...would love to share some ideas with you. You know, so you have that value prop and some sort of sticky challenge, if possible, in there in a couple sentences and then your call to action and then you sign off and send the video. Should be able to do that in about forty five seconds or so. So these forty five seconds kind of the ideal length. Have we seen any stats or results on, you know, where you start to lose people or response raids based on length of the video itself? Definitely so. The cool thing about a tool like fid yard is this going to tell you exactly how far people get when they watch your videos. Most of the videos I sent, if the person's watches the video, they watch almost a hundred percent of the video and I've noticed when it goes over sixty seconds, people tend to really kind of fade off or they don't really watch much of it at all. So what I see is, Hey, I click play and I see this is a three minute video, I watch a couple seconds of it and that's it. Or I watch the first forty, five or sixty seconds and I exit out and don't respond. So attention span is very short. It's no different than if you're sending a cold email. My opinion it should be three to five sentences Max. Okay, three too excellent, and so that. So I want to go back to something said. The message is more important than the medium. A lot of the sales people that we, you know, we all come into contact with, if they didn't, you know, grow up going hey, I'm going to be a salesperson and master all the skills to be able to be the best sales person in the world, which requires, you know, spelling, grammar and the idea that how to put a message together right, the the polished presentation to some extent. How how do you suggest, I mean that three to five sentence staff. I really like that. But how do you suggest the individuals that maybe do default to that type of communication, whether be written or video, either one that they may have, you know, some hesitancy towards? How do you recommend they kind of overcome that or develop the best practice so it's not as painful or a barrier to them to do the prospect that we all know is necessary to be effective? Yeah, so I think there's a couple things in that question. So I'll start with the first one, around sort of mentality of approaching prospecting in terms of understanding your prospect and I keep talking about this because in the training that I've done, especially the one on one work with like an individual rep that needs help in this area, is to actually really don't understand what their prospects challenges are. So when you're doing prospecting, you really shouldn't experience a lot of rejection in the form of why the heck are you reach out to me like that? That is not relevant for me, like you shouldn't be experiencing that type of job. You should be experiencing yeah, it shouldn't be that and a lot of people get like dude, stop even like Yep, not interested and now's not a good time. That's the type of rejection you should be getting and you should be getting responses, though. So the way that you can do this. I want to give an like a really sticky example here. Chad so, like, if we're going to look at deep he's of sales, for example,...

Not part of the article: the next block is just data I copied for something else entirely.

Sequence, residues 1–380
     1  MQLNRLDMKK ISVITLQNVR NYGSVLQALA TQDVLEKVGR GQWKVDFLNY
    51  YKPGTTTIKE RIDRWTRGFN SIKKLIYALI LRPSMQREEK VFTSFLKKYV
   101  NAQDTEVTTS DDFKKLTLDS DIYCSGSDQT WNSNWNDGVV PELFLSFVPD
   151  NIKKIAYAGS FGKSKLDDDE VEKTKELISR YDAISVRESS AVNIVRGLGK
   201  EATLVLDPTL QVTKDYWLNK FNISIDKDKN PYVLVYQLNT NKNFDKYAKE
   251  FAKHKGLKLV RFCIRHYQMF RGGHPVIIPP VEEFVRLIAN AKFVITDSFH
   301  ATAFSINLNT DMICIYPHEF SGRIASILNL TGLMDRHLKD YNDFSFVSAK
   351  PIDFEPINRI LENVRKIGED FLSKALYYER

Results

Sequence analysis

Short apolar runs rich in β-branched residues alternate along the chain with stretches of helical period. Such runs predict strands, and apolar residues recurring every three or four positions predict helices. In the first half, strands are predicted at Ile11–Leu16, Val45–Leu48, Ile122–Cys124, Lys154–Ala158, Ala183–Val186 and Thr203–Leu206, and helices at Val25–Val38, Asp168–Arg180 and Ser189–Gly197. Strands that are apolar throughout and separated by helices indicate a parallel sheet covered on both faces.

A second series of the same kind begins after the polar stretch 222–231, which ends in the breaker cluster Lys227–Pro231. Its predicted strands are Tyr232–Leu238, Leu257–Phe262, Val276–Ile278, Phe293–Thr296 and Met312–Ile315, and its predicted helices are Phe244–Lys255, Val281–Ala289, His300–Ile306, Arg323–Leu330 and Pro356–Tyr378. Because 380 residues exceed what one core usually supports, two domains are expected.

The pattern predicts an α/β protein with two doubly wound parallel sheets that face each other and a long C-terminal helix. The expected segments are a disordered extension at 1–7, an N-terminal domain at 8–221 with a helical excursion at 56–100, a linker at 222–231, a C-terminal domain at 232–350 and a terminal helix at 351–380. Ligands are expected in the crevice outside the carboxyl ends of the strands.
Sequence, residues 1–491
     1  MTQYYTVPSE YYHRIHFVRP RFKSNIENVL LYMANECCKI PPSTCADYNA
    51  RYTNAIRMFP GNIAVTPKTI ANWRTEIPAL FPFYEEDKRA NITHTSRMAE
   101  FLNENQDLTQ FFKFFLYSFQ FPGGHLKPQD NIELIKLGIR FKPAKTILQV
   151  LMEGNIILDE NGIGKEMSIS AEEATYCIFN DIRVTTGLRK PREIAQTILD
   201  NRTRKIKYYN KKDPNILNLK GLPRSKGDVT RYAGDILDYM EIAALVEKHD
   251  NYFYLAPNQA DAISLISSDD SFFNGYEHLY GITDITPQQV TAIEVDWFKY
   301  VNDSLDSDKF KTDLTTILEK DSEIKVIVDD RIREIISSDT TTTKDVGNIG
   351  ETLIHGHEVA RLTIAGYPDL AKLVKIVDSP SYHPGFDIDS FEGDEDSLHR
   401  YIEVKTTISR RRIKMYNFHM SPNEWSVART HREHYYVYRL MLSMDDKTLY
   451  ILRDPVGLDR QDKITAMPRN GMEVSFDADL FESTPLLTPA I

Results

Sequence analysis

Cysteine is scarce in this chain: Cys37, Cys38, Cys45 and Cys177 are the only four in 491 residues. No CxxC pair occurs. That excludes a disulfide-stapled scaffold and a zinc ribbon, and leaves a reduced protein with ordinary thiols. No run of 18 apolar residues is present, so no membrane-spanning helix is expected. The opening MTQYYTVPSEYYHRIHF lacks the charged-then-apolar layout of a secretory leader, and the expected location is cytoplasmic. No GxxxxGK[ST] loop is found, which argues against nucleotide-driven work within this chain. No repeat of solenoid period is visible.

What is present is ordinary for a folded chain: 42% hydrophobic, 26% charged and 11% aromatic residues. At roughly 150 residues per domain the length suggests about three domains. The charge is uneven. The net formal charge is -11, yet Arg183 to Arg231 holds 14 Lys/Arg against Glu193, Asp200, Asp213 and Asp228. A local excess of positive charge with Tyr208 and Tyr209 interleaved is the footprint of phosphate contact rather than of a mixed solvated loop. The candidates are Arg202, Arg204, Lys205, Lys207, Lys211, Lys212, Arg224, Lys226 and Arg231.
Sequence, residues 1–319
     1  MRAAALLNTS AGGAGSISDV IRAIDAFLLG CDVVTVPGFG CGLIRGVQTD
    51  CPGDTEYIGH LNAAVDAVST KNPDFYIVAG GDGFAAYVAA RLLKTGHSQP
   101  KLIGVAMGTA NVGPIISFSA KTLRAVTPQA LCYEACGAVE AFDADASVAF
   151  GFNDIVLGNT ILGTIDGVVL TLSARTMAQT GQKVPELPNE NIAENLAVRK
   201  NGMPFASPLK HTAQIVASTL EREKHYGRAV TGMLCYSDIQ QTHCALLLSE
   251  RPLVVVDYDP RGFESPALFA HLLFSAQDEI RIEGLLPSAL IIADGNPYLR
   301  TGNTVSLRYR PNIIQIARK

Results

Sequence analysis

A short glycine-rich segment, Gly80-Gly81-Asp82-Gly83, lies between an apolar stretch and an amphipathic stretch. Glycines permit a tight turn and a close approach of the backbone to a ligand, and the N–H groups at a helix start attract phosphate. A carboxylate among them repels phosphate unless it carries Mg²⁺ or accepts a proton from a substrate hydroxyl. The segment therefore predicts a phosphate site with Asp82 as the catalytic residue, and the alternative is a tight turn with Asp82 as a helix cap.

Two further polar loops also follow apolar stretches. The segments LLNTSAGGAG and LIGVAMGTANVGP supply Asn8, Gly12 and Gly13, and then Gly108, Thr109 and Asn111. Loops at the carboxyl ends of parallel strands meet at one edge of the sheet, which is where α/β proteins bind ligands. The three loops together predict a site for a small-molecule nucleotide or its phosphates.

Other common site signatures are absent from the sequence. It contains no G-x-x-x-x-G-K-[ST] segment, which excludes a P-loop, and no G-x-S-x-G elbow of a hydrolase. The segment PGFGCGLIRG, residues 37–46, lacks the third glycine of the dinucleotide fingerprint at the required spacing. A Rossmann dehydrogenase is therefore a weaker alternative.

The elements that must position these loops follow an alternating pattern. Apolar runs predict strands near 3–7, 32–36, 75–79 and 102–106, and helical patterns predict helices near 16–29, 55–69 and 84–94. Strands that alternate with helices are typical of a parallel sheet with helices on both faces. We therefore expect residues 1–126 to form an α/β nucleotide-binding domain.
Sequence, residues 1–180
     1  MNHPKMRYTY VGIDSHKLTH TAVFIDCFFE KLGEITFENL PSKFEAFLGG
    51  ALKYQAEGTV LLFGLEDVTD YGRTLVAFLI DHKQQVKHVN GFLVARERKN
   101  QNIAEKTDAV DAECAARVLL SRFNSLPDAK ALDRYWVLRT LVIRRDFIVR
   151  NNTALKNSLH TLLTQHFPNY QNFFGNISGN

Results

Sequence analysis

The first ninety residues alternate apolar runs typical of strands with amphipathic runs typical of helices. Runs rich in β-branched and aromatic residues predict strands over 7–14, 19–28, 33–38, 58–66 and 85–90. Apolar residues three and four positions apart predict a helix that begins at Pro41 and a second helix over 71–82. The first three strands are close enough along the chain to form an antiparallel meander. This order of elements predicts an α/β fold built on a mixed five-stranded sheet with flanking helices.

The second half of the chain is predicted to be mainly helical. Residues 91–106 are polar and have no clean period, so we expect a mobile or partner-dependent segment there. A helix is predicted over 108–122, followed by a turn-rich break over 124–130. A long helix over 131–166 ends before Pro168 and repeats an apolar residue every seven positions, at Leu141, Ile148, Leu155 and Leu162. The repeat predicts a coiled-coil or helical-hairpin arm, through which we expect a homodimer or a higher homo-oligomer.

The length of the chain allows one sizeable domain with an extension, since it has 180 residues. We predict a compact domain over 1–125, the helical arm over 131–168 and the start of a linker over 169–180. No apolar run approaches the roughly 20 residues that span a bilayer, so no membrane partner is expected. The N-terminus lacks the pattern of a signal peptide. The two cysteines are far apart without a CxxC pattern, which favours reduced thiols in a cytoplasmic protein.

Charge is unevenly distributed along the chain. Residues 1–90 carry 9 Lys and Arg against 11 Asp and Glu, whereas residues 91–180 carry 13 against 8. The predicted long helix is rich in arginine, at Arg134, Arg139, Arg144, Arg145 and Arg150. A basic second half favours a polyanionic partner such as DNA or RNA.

...and will just use because we both work with sales teams right and into training and that sort of stuff. If I was like then, let's pretend you'r a VP of sales and this could be an email or cold call or whatever. If I was like Hey, Chad so, you know a lot of VP's of sales like yourself or telling me that the reps are not hitting quota, I wanted to know if you be interested in chatting. I have a few ideas for you. YEA, how compelling is that versus hey chat? You know, I was reaching out because a lot of you piece of sales are sharing challenges with other sales managers, like not actually spending time training their reps, and the frustrating part that they've shared is that what that's causing is reps not hitting their quotas. Reps quitting and what they are looking for is a way to easily train them that doesn't take a lot of time. I wasn't sure if that was a challenge that you're having at this time, but if it is, would love to share some ideas with you and your team. Like number two is obviously much more compelling because it's it's sticky. It's an actual challenge in the words and verbiage they might use. It's not this generic we're not hitting our quota or we're not as profitable as like everyone has those like really generic, general challenges. Sure, so you really need to get very, very tangible, and the way that you can do this as a wrap or just with your sales team is when you're doing these discovery calls and you're really digging into their challenges, like ask them questions like well, Hey, you mentioned that your reps are not hitting quotas, but like can we dig a little bit deep there, like what does that mean? Yeah, what happens if this continues for the next six months? Like what happens? How does this affect like you, like are do you have any sort of external pressures or pressure from management to do this? Like what's going on? And you're going to be so surprised at what people say. They're going to give you all kinds of like really really sticky things that you can use word for word in the email. So to kind of bring that full circle and answer your question of like people that are a little hesitating around like how to approach messaging. Well, if you really spend the under the time to understand your prospects challenges and how they buy your products and services, the messaging actually becomes relatively simple. It's a lot of work to get all of that stuff, but that's the thing that you're going to use to connect to your product or service to the prospect absolutely absolutely love it. I mean the challenge is a lot of sales people that you can almost have to build that into like the way you approach a client or the way you approach a prosimic like that, capturing of you know, what is it? WHAT'S THE WHY? Why are they trying to solve these problems? Why are these problems important? You know, the generic things as you talked about, everybody has, but you really have to make it about that individual. I saw a rapport from I can't remember, see me about personalization and email being slightly more effective when you were specific about industry personalization over, especially in a cold one, especially over just starting it to hate Chad, who happens to love Harley Davidson's right...